Trade Winds Tripel - The Bruery
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Ratings: 755 | Reviews: 309 | Show All Ratings:
Reviews by EliotRosewater:
4.03/5 rDev +2.8%
look: 4 | smell: 4 | taste: 4 | feel: 4.25 | overall: 4
A - golden to burnt orange color. Nice, white two finger head with minimal lacing.
S - aroma is very sweet and interesting. Almost a sweet potato smell going on. If I try to look for them, the rice and Thai basil are there but not overpowering.
T - sweet but not cloying. Really, really interesting. Almost a coconut flavor in addition to what I got on the nose. Weird at first but it grows on you. I bet this would be awesome with some Thai food.
M - full, nicely carved mouthfeel. Good lingering finish (maybe from the sweetness).
O - I understand how this wouldn't be everyone's cup of tea. That being said, I really enjoyed how tasty this brew was and was particularly enameled with the uniqueness of the beer. Definitely need to try this with some Thai or Vietnamese food.
Serving type: bottle
08-04-2013 22:24:38 | More by EliotRosewater
More User Reviews:
4.34/5 rDev +10.7%
look: 5 | smell: 4.25 | taste: 4.25 | feel: 4.25 | overall: 4.5
Poured from a 750ml crowned bottle (bottled on date: 03-13-13) into a 16oz Libbey Munique elongated tulip glass.
A- Uncapping the bottle is greeted with a hearty exhaust. A very conservative pour reveals an absolutely beautiful sunset orange fluid accompanied by a towering 3+ finger white, frothy head. Although the head eventually subsides, a 1/2 finger head floats on the beer over the beer's consumption from the (non-nucleated) glass.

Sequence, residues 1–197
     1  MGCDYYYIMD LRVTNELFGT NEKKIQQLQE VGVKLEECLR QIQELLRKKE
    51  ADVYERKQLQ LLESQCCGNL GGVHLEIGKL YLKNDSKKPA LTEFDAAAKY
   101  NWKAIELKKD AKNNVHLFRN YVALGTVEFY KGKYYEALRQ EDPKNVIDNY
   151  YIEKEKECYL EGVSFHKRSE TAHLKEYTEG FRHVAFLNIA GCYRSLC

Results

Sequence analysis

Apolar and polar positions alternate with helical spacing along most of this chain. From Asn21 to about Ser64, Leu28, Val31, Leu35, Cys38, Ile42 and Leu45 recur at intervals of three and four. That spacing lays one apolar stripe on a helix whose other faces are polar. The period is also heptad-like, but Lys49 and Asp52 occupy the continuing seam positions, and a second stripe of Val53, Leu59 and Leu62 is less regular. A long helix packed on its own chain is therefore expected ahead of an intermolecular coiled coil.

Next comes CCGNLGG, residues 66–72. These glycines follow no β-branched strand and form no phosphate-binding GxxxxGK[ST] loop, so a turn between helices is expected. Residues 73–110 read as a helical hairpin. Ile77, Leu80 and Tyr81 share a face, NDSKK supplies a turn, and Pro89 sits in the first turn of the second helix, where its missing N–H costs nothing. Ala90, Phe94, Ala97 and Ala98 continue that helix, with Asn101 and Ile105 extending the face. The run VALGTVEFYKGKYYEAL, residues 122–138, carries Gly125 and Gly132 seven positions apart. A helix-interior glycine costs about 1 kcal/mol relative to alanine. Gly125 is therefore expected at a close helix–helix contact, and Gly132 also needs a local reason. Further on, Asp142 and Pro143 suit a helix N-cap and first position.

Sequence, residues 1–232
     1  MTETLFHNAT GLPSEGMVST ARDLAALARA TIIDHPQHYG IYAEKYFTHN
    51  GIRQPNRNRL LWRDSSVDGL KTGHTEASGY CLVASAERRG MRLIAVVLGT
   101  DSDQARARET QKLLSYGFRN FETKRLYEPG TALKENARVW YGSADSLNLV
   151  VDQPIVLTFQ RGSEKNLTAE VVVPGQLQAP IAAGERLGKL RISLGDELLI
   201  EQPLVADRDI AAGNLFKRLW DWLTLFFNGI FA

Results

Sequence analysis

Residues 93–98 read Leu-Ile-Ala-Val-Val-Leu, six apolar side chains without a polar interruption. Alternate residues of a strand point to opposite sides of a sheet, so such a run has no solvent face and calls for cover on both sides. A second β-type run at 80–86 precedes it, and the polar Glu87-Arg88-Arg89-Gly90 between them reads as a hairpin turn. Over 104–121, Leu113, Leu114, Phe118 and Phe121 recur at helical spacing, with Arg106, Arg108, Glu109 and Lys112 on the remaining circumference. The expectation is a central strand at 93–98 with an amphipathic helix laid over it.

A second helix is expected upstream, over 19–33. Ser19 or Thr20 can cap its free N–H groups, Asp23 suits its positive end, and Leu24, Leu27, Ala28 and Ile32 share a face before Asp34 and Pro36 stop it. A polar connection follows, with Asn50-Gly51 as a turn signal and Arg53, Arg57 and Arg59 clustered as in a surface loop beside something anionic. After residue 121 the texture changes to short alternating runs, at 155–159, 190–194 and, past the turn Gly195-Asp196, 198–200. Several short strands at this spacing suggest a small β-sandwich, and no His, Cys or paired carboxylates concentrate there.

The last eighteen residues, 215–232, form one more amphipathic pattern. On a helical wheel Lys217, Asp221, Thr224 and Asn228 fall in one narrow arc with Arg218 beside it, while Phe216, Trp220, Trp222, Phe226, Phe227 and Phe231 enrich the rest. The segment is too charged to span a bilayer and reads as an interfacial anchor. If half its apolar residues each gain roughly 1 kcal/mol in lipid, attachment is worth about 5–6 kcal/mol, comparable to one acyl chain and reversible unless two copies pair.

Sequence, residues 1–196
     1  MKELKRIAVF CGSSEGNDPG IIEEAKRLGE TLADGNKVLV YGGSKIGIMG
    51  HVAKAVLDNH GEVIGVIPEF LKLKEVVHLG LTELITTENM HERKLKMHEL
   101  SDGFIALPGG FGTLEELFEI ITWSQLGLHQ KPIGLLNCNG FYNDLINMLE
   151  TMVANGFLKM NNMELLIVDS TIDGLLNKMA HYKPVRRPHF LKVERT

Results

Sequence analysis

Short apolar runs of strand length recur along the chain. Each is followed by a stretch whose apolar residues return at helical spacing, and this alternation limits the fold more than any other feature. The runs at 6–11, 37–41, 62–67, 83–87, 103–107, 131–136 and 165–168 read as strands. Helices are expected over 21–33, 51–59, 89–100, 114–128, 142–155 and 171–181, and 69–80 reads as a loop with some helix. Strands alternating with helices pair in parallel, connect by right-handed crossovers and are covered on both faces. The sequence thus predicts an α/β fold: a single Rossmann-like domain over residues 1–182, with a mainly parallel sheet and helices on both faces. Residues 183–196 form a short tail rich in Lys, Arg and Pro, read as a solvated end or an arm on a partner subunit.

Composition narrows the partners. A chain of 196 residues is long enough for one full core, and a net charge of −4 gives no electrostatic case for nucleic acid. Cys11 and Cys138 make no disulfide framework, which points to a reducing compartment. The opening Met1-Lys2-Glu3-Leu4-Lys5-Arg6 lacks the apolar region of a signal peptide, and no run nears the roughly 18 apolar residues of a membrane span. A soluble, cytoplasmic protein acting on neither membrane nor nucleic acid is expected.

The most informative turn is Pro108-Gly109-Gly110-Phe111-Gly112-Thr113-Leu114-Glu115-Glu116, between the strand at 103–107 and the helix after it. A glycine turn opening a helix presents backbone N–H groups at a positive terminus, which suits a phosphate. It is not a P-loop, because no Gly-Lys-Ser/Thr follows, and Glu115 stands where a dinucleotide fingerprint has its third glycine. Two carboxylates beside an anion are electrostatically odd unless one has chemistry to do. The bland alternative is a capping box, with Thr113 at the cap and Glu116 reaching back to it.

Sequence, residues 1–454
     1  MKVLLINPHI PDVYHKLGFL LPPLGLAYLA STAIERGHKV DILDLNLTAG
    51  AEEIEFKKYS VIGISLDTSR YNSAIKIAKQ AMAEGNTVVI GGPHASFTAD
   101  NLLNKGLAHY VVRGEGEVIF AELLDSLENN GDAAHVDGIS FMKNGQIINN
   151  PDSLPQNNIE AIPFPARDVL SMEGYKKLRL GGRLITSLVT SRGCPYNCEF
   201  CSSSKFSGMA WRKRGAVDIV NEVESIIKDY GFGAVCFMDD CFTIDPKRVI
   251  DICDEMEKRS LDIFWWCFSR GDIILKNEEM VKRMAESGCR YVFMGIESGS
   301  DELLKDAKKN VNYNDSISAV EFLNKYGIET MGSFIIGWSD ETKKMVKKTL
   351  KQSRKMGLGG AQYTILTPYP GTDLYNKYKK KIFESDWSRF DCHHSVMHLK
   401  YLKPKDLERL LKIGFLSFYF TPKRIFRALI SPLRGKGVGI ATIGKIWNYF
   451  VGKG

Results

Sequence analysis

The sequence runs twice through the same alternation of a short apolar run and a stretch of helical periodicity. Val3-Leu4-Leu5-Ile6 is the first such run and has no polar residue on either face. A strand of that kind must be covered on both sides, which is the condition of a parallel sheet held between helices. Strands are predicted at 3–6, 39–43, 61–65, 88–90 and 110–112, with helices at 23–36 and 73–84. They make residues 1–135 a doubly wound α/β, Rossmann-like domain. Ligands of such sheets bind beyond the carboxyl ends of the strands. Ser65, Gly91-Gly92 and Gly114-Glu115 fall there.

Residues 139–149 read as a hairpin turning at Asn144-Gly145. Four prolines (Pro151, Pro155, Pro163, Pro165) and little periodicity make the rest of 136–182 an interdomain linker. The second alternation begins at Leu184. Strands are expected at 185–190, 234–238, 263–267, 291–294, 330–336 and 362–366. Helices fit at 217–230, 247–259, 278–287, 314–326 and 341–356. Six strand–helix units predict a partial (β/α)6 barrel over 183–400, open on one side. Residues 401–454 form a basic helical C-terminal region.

S- Like most (if not all of their beers), Trade Winds boasts a multi-layered, complex aroma. A melange of fuits (Kumquat, Peach, Apricot, Orange, Green Apple), Peppery spice (no doubt, courtesy of the Basil and esters from the yeast) and an underlying honey sweetness that takes on a vanilla-like quality as the beer warms.
T- Sweet juicy fruits reminiscent of the nose hit first and are quickly accompanied by a sweet, honey-like flavors courtesy of the malts. Middle of the palate is met with a clean, subtle bitterness. The beer then finishes dry with a peppery spiciness.
M- Light-To-Medium body along with copious amounts of carbonation help to scrub the palate of any residual malt sweetness. As the carbonation resides and the beer warms, however, the body grows and becomes more slick and lingering on the palate.
O- There is no surprise, Trade Winds is another winning offering from The Bruery. Being 'Familie Rue' is one of my standout breweries for 2013 (along with Anchorage and Uinta), I didn't find a bottle of Trade Winds until December. Although a little late to the game with this one, I am aware that it was not particularly fresh yet I purchased it anyway...and glad I did. It reinforces my anticipation for purchasing a fresh bottle (or two, or three) when it is released again in 2014.
Serving type: bottle
01-19-2014 19:20:22 | More by threeviews
Trade Winds Tripel from The Bruery
88 out of 100 based on 755 ratings.